In this issue of ONCOLOGY, Scheithauer and Blum write an informative review on the chemotherapeutic side effect of hand-foot syndrome, a not uncommon toxicity of several chemotherapeutic agents. They focus their discussion on capecitabine(Drug information on capecitabine) (Xeloda) and review the literature regarding the best way to manage hand-foot syndrome. Capecitabine is an oral fluoropyrimidine that is converted to fluorouracil(Drug information on fluorouracil) (5-FU) intratumorally and delivers sustained 5-FU, thus simulating continuous-infusion regimens. It is now widely accepted that continuous-infusion regimens of 5-FU are more effective and less toxic than bolus regimens. However, historically, continuous-infusion regimens of 5-FU have not been in favor in the United States for logistic reasons.
Since its approval by the US Food and Drug Administration, the widespread use of capecitabine has led to a much greater prevalence of hand-foot syndrome in this country. In addition, data suggest that, given equal efficacy, patients will choose an oral regimen over an intravenous one. For these reasons, it is likely that as capecitabine becomes incorporated into more regimens for colon, breast, and other cancers, hand-foot syndrome will continue to be an issue for patients and oncologists. The authors identify the two most important factors in hand-foot syndrome as the chemotherapeutic agent itself and the dose. The factors that affect the dose include the peak concentration, total cumulative dose, and finally, the schedule.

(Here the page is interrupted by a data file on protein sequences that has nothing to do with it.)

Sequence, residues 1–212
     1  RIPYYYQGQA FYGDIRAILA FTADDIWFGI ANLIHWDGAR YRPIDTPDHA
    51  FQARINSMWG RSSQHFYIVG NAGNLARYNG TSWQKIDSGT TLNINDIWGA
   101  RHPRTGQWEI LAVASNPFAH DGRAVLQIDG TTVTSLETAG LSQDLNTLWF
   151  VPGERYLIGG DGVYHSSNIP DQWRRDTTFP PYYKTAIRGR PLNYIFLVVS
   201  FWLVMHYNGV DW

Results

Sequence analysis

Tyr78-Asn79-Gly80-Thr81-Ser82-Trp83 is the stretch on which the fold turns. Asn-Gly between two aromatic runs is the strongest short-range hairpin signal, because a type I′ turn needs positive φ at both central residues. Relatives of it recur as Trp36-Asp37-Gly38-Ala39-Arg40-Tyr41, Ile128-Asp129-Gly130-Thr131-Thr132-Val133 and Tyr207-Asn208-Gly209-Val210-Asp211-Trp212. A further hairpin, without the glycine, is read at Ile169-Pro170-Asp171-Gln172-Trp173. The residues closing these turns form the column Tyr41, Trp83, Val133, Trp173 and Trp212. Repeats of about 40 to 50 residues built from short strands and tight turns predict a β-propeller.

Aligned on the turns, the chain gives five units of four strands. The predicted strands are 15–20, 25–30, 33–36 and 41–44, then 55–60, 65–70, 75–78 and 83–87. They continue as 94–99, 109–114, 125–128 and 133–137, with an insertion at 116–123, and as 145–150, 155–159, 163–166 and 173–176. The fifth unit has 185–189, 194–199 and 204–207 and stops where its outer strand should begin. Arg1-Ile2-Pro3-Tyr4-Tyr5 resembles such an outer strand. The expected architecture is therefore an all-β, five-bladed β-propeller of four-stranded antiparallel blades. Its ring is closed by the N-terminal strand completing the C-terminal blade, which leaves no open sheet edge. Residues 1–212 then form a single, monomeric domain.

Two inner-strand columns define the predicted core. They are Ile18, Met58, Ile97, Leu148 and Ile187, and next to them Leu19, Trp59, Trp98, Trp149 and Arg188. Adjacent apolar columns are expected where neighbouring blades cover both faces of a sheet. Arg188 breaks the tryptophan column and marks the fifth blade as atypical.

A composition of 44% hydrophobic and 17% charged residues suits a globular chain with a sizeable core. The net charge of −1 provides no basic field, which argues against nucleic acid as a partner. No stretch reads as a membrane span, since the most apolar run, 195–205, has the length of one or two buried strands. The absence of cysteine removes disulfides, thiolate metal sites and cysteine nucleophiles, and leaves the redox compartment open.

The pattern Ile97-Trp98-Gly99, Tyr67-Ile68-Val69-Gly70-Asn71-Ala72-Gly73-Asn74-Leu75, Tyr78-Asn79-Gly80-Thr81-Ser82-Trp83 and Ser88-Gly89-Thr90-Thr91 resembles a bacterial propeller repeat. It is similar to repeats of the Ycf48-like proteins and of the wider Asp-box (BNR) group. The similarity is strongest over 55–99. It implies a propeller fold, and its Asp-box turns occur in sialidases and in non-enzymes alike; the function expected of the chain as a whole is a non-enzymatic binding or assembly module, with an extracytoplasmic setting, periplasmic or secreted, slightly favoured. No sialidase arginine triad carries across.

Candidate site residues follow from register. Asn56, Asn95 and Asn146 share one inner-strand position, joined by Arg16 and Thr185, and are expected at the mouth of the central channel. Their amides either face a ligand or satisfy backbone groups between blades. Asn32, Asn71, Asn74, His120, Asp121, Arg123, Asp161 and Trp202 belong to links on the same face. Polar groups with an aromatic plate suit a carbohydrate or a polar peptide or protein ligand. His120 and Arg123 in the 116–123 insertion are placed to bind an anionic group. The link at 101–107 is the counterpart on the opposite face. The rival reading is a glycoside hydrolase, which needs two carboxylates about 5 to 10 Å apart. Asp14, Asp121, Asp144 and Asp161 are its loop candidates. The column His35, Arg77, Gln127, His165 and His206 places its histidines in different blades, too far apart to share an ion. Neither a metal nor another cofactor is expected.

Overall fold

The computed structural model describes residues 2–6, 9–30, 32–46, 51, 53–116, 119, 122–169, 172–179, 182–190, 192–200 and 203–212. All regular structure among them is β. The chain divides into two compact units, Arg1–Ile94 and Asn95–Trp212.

Fluorouracil and hand-foot syndrome have a relationship based on the dose of the medication. When delivered as a bolus infusion, hand-foot syndrome rarely occurs. In contrast, continuous infusion of the drug is limited by the toxicity of hand-foot syndrome, and this has been demonstrated in multiple studies as reviewed in the article.
Capecitabine, as a consequence of its design to deliver sustained fluoropyrimidine to tumor, is prone to similar side effects. In phase II and III studies conducted in patients with colorectal and breast cancer, single-agent capecitabine was shown to be an effective therapeutic agent. The most common side effect was hand-foot syndrome, and the primary subsequent action taken was dose reduction or interruption in the schedule of administration. These measures were effective in allowing the condition to improve in the majority of patients. In fact, all of the patients were able to continue with therapy and showed no difference in overall response rates or disease-free progression.
As physicians gain familiarity with the agent, combination regimens incorporating capecitabine are being reported with increasing frequency. Many of these studies have shown that capecitabine in combination with other agents produces clinically significant responses without added dose-limiting toxicity. In a phase I trial, our institution has demonstrated that when the drug is added to weekly docetaxel(Drug information on docetaxel) (Taxotere), the dose of capecitabine could be escalated to 1,250 mg/m2 in divided doses daily with minimal toxicity and observable antitumor effects. The percentage of treatment courses in which patients experienced hand-foot syndrome- 34%, with the majority being grade 1 or 2-was consistent with other studies.